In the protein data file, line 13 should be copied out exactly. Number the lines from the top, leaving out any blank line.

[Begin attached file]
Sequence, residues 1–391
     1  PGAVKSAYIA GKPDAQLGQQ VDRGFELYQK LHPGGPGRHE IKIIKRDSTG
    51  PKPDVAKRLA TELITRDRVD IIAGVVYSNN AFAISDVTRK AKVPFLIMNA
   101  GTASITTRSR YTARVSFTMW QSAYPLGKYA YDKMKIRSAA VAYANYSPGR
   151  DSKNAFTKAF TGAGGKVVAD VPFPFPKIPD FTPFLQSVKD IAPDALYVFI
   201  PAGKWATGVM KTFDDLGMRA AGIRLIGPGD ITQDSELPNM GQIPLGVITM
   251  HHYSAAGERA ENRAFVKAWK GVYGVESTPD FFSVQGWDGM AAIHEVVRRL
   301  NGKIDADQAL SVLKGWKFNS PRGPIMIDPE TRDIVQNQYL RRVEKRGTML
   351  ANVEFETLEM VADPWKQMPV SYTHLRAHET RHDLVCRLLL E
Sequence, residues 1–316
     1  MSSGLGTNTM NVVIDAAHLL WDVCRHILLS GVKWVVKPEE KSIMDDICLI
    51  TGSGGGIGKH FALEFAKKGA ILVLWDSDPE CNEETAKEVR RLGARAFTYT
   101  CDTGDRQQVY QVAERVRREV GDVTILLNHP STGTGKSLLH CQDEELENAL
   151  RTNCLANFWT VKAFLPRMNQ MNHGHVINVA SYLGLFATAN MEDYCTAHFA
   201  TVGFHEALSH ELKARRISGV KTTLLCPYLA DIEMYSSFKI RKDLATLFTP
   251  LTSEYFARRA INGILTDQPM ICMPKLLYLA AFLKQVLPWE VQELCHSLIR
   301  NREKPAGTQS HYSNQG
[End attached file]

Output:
   101  CDTGDRQQVY QVAERVRREV GDVTILLNHP STGTGKSLLH CQDEELENAL